by: Priscilla Robinson
Autumn is such a magical time of the year. Leaves change and landscapes are transformed with flaming red, vibrant gold and jolly orange. It’s almost magical: pumpkins start to appear on porches and black cats, scarecrows, and goblins stand ready to greet passersby.
Yesterday, as I sat sipping my coffee, transfixed on the seasonal changes of the Portland skyline and surrounding hills, my iPhone awakened with a familiar ring. It was Henry, my three-year-old grandson in Seattle.
Facetiming with Henry fills in those gaps when we are apart. This autumn morning Henry was excited to show me his Halloween costume. “I’m going to be Batman, Nana!” he exclaimed. Fumbling to hold up his cape and mask, he explained how he was a good guy and that he was going to be super fast at trick-or-treating this year.
“What’s trick-or-treating?” I joked with him, wondering how much a three-year-old really knows about it.
“Oh, Nana… you know? This is my big chance to get lots and lots of candy, because Mommy doesn’t let me have lots and lots of candy.” (He’d obviously had a conversation with his dad). Obviously he knew what the “treating” was about! I asked him, “What about the trick?” Confidently he explained it was all the spooky stuff on Halloween.
A smile crossed my face. Immediately I had ideas about of what would be traveling up to Seattle in Nana’s Bag for Halloween. I wanted Henry to have fun with the “Trick” in trick-or-treat.
And so I immediately turned to Educational Innovations’ website for some amusing and spooky Halloween items for—literally—my bag of tricks. On the home page, I was thrilled to see the bright Halloween Headquarters banner. What a fast and easy way to find just what I needed! The various Halloween science departments like Insect Snacks, Things that Glow, Lights and Lasers, and More Creepy Stuff placed lots of options at my fingertips.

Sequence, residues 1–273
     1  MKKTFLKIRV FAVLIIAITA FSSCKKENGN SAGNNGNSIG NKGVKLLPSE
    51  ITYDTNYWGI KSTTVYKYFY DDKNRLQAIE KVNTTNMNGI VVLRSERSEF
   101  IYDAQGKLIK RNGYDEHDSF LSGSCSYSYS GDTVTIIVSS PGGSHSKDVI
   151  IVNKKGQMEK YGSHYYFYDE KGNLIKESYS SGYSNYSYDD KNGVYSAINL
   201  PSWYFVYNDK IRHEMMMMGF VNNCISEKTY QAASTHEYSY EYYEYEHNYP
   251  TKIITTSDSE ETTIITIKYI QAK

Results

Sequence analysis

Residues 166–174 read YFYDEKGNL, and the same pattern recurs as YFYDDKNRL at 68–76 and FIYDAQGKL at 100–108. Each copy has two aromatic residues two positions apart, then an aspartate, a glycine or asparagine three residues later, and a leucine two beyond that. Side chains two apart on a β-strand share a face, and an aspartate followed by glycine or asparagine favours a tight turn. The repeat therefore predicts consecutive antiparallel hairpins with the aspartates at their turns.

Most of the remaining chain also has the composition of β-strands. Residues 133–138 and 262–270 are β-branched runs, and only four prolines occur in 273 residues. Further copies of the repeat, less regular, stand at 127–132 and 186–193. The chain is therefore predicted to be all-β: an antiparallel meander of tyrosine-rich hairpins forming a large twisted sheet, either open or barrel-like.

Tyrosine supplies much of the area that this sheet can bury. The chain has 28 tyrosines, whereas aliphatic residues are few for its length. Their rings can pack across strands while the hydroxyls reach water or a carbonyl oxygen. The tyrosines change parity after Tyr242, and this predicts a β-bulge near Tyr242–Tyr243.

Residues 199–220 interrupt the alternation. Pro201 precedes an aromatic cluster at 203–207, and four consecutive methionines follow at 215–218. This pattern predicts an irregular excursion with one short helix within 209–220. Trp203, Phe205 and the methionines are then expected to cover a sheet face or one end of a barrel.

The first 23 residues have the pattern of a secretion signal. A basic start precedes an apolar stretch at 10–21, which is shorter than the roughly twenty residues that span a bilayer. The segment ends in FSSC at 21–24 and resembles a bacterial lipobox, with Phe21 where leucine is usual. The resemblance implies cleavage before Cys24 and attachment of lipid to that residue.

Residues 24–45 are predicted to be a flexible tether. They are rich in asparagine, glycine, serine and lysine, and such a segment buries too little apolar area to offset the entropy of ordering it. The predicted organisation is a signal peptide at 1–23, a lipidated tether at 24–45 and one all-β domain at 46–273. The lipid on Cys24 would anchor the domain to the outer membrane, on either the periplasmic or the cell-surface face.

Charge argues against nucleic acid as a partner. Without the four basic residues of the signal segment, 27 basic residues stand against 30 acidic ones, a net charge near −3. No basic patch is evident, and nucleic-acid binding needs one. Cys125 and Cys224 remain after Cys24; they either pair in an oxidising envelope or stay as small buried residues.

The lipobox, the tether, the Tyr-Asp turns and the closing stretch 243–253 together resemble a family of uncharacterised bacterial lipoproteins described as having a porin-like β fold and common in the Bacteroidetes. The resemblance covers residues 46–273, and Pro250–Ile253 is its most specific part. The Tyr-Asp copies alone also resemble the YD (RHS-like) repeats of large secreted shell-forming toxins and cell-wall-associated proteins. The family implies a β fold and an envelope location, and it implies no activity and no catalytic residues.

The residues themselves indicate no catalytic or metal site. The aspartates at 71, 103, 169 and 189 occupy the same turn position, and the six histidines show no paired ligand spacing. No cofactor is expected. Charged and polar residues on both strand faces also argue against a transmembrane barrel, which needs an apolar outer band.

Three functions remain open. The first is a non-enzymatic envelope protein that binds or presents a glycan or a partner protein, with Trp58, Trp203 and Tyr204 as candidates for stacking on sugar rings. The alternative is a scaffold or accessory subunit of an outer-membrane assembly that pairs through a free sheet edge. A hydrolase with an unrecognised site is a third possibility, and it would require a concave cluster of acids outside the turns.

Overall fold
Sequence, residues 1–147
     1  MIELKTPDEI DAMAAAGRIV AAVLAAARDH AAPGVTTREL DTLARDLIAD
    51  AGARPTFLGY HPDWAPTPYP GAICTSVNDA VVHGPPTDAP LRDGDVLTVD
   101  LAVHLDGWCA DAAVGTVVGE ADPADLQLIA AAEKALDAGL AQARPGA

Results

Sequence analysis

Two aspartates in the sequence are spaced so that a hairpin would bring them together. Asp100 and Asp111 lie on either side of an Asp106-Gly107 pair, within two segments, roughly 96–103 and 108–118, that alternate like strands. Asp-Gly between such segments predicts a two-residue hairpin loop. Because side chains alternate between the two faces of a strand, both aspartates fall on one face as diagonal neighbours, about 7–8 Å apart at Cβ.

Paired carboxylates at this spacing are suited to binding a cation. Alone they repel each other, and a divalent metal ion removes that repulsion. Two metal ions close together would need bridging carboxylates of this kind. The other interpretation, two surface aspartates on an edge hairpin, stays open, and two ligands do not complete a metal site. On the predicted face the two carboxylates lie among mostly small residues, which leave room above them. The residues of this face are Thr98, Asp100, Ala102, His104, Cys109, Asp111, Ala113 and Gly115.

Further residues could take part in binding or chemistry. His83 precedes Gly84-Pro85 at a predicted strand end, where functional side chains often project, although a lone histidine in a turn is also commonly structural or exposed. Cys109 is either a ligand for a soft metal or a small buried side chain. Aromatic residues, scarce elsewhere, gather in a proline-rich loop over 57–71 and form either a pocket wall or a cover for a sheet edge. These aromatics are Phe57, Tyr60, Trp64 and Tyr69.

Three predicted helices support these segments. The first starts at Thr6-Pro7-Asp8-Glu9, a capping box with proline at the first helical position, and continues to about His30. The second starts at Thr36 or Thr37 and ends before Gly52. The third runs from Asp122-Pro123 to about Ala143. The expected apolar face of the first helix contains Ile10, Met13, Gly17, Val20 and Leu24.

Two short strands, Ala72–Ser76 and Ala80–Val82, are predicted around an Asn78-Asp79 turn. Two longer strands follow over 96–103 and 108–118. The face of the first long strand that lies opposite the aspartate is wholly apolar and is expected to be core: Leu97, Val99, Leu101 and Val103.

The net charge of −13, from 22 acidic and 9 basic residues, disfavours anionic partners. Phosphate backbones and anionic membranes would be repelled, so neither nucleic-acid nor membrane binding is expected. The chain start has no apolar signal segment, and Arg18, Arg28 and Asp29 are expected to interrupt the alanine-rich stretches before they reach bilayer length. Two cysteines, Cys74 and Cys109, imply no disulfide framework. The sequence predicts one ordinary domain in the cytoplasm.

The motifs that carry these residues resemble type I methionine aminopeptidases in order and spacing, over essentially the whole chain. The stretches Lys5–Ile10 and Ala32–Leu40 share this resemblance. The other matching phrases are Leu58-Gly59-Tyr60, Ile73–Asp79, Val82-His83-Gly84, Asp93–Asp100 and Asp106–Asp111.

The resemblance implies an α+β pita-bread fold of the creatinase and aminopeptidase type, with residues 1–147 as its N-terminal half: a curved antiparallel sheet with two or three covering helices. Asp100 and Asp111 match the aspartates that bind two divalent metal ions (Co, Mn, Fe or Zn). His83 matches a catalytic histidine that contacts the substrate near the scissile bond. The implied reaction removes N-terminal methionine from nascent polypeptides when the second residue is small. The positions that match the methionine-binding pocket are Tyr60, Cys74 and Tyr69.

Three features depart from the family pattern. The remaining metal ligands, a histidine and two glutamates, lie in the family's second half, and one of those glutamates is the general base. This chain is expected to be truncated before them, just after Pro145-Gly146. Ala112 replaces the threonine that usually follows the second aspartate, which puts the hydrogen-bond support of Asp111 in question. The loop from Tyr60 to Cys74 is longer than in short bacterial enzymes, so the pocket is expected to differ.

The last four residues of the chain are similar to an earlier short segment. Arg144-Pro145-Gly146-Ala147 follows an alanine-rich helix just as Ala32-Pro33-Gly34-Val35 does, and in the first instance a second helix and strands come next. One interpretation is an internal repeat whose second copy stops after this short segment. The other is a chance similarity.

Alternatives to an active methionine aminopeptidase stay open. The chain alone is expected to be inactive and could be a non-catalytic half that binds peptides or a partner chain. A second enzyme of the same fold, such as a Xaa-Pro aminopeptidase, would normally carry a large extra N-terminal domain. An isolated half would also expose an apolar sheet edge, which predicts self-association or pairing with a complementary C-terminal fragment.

I decided Henry needed both a Cricket and a Larva Licket Lollipop for the treat.
I always love to have some sort of project or experiment that Henry and I can do during the quiet time when his baby sister is down for a nap. The Glowing Slime Kit would allow him the independence to make up a spooky, glowing batch of slime for Halloween night. Each kit includes the required chemicals sealed in disposable pipets, a mixing container with lid to preserve your slime, a mixing stick and complete instructions.
Aside from all these ghastly goodies, there were lots of fun Halloween science videos and free seasonal activity ideas for home or the classroom. What a fabulous resource!
I was pleased that my Trick or Treat conversation with Henry occurred while I still had plenty of time to purchase these items. The hidden treat in my bag is that Henry will have diverse learning opportunities with his creepy science tricks.
I seriously doubt that Henry will eat the Licket Lollipops embedded with bugs, but he will certainly be motivated and feel safe to look closely at the insects’ anatomical structures for a mini-biology lesson.
Creating the Glowing Slime will let Henry his “Mad Scientist” side shine! Whether or not he can conceptualize what the molecules are doing, he will certainly see and feel the effects, which is bound to pique his curiosity.
If you want to add a little more “Trick” to your classroom, Halloween party or even if you just want to surprise a friend, don’t delay and check out the Halloween Headquarters at Educational Innovations. You will deliver the best treats ever!